Stress Illness and CBT

Stress Illness (also known as Psychophysiologic Disorder or PPD) is one of the most common causes of Medically Unexplained Symptoms (MUS).  These are symptoms for which no link to a diseased organ or structure can be found after diagnostic testing.  Javier Escobar, MD and colleagues (1) at the Robert Wood Johnson medical school in New Jersey, USA, decided to try a treatment called Cognitive Behavioral Therapy for these patients.

Patients were referred from two urban clinics, one serving primarily a white, middle-class population and the other underserved, ethnically diverse, low-income patients.  To qualify, men had to have at least four unexplained symptoms and women needed at least six.  172 patients were randomly divided into two groups.  The control group received a mental health consultation with a letter sent to their primary physician.  It is known that this is better for symptom relief than usual care.  The second group received the same care as the control group plus ten sessions of 50 minutes of cognitive behavioral therapy (CBT).  This included “relaxation techniques, activity regulation, facilitation of emotional awareness, cognitive restructuring and interpersonal communication.” (2)  The authors do not mention specifically if a history of childhood stress was investigated or how much attention was paid to this critical issue in therapy.

At the conclusion of the CBT, all patients were evaluated for symptom relief by clinicians who did not know which treatment the patient received.  In the CBT group, 60% reported they were “much” or “very much” improved, compared to 25% in the consult/letter-only group.  This benefit faded a bit six months after the CBT with the proportions being 50% vs 31%.  This is an excellent outcome for patients with few good options in the current health care system.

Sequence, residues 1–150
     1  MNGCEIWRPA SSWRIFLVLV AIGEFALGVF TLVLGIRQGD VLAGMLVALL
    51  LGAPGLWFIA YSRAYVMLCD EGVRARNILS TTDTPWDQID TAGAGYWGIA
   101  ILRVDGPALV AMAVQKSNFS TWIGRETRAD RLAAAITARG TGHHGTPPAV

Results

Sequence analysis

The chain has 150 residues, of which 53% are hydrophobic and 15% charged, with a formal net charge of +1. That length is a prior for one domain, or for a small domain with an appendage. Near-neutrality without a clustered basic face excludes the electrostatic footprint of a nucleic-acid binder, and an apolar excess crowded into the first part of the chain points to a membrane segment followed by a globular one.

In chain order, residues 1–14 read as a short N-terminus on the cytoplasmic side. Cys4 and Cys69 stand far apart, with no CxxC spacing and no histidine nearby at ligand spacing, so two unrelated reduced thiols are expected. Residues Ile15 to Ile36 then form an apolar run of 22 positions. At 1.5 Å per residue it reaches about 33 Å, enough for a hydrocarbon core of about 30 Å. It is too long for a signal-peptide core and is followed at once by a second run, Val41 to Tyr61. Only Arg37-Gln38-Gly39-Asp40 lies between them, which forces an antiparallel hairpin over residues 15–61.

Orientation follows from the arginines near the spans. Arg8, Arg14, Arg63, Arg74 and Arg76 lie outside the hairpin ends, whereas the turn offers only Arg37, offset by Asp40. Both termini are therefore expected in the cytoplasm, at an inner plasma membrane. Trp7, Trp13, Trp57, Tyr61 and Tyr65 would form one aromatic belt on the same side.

A significant limitation to interpreting the results is that the patients in the CBT group had many more visits with a health care professional than the consult/letter-only group.  The extra contact can be quite helpful for stress-related illness.  Nevertheless, this research supports further effort to develop collaboration between medical and mental health professionals in the care of patients with MUS.

1. Escobar JI et al.  Effectiveness of a time-limited cognitive behavior therapy-type intervention among primary care patients with medically unexplained symptoms.  Ann Fam Med 5: 328-335. Jul/Aug 2007.

2. Wolfolk R, Allen L.  Treating Somatization: A Cognitive-Behavioral Approach.  New York, NY: Guilford Press; 2007.

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